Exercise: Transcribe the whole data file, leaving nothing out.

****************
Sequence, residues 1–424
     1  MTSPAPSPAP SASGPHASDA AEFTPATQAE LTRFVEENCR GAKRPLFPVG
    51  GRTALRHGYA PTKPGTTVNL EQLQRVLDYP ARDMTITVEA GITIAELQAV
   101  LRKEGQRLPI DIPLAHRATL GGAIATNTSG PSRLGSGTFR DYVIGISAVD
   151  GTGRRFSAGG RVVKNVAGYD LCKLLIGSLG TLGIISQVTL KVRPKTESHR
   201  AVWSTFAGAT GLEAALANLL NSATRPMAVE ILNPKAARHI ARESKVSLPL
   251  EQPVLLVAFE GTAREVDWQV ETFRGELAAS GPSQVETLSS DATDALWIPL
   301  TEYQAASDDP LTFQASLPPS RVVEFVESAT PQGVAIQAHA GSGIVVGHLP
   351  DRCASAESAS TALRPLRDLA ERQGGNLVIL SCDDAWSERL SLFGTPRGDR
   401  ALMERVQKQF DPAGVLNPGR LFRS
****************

Sequence, residues 1–424
     1  MTSPAPSPAP SASGPHASDA AEFTPATQAE LTRFVEENCR GAKRPLFPVG
    51  GRTALRHGYA PTKPGTTVNL EQLQRVLDYP ARDMTITVEA GITIAELQAV
   101  LRKEGQRLPI DIPLAHRATL GGAIATNTSG PSRLGSGTFR DYVIGISAVD
   151  GTGRRFSAGG RVVKNVAGYD LCKLLIGSLG TLGIISQVTL KVRPKTESHR
   201  AVWSTFAGAT GLEAALANLL NSATRPMAVE ILNPKAARHI ARESKVSLPL
   251  EQPVLLVAFE GTAREVDWQV ETFRGELAAS GPSQVETLSS DATDALWIPL
   301  TEYQAASDDP LTFQASLPPS RVVEFVESAT PQGVAIQAHA GSGIVVGHLP
   351  DRCASAESAS TALRPLRDLA ERQGGNLVIL SCDDAWSERL SLFGTPRGDR
   401  ALMERVQKQF DPAGVLNPGR LFRS